Education / Mythology / Poetic prose / Poetry / Thoughts

Icarus

File:1911 Britannica - Aegean - Cnossus5.png

Had Icarus and his father understood that the dream of a father is not necessarily the dream of the son, the tragedy could have been avoided…

Daedalus:

Finally free! We’re ascending high over the ocean. The wings, tied to my arms, I leave that prison’s ties behind. That tangled house that was created by my own entangled wit, it then entangled me. The woolen thread that led the way had bound me there. But now, free as a bird, I am gone.

Icarus:

Why am I now so sad? There is the house with all those corners, secret ways and rooms. My childhood’s place and palace, full of my memories, no other place I can remember. Smaller and smaller now. Why do I have to fly away? Those walls, warm, safe and cool, the house my father built.

Daedalus:

Don’t stay behind, my son. The archers of king Minos could still reach you with their bows.

Free again! Soon we will be in Athens, and be safe.

Icarus:

Those archers, are they not my friends, king Minos’ palace guards, playfellows of my childhood, whom I chased through secret corridors, and playing hide and seek? I want to wave to them but those wings and ropes constrain my arms. Those ropes that fix the wings now to my arms, are bonds.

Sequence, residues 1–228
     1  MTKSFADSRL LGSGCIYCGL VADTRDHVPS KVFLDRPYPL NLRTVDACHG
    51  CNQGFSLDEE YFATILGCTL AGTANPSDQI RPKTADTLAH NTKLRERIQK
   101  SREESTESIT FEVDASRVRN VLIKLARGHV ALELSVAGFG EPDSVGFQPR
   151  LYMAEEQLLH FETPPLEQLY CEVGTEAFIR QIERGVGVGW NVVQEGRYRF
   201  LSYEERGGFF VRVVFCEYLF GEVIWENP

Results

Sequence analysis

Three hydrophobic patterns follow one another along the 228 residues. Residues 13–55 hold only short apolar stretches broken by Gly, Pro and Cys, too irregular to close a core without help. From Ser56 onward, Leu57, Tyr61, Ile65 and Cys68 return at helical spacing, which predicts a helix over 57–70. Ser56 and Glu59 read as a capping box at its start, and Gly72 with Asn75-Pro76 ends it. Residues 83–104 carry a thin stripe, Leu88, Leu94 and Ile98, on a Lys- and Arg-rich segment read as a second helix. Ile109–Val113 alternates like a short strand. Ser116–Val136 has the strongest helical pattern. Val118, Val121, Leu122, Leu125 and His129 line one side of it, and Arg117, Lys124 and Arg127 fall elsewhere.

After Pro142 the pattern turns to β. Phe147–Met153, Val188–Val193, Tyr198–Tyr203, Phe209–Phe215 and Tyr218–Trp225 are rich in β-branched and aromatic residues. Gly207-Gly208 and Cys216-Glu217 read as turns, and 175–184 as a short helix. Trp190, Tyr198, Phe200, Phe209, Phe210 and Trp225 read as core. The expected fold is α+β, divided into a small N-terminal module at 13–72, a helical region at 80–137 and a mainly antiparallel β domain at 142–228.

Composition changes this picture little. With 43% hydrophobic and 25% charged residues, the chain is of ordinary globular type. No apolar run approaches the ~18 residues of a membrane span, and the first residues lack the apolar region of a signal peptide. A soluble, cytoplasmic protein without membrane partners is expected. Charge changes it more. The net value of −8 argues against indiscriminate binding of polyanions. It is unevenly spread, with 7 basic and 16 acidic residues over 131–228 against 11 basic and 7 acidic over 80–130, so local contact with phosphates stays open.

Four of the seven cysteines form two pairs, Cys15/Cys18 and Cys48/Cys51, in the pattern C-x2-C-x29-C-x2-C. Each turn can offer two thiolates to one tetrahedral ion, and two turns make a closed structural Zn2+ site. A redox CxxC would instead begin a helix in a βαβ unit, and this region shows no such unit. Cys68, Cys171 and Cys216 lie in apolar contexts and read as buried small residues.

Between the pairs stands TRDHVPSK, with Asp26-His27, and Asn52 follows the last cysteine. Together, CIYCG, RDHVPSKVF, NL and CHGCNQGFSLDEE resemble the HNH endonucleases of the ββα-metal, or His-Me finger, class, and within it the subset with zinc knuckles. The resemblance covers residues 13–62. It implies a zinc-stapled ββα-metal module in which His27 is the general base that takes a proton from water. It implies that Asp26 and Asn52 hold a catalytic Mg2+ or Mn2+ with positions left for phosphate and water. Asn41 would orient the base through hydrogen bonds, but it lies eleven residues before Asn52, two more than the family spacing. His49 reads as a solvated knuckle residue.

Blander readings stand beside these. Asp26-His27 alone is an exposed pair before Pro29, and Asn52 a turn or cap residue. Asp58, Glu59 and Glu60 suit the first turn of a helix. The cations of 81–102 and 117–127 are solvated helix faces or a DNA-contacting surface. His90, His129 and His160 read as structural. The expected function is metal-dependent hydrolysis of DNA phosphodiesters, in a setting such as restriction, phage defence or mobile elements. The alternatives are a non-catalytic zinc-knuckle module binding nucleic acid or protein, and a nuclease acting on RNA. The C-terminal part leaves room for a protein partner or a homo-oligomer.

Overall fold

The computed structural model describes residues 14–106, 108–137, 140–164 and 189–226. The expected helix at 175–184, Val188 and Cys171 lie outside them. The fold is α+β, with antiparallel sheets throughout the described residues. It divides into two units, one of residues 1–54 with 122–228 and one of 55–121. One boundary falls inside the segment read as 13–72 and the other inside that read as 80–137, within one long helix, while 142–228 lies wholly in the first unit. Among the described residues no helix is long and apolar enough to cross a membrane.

And so I have to leave, bound to these wings, unfree and even like my father’s slave. But let me stay instead. Let me return. Is Crete, is Cnossus not my mother’s land?

But if I return, they will call me a traitor. It is better, then, to stay here. Better I die free near my home then to be a servant far away.

Helios:

I can see how you suffer. Each day, on my trip, I see so much suffering, but I am too far away. But I could help you. Come near me, let me take those wings away, let me free you from those bonds.

Daedalus:

Finally free! Soon we will be home.

But no, don’t fly so high, you are getting too near to the sun. Did you forget…?

(The picture is from http://commons.wikimedia.org/wiki/File:1911_Britannica_-_Aegean_-_Cnossus5.png. It does not really depict Icarus and Daedalus, but it is showing fragments of figurines found in Cnossus on Crete, and I found it fitting and more beautyful than most paintings of the story I could find.)

Like Eurydice and Orpheus and Prometheus before, this is another posting inspired by  Cesare Pavese‘s book “Dialogues with Leuco“. However, in this one, there is not really a dialogue. That, however, was the problem.

Postscript: Icarus decision to die here comes from the extreme sentimentality of a teenager. Following his father to Athen’s and solving the problem later would have been the wiser choice, but that is how young people sometimes are (and that is what we have to take into account).

6 thoughts on “Icarus

  1. What a Great, witty and creative approach. I really enjoyed the perspective you took on these brief story.
    Thanks for sharing, best regards, Nannus,
    Aquileana 😀

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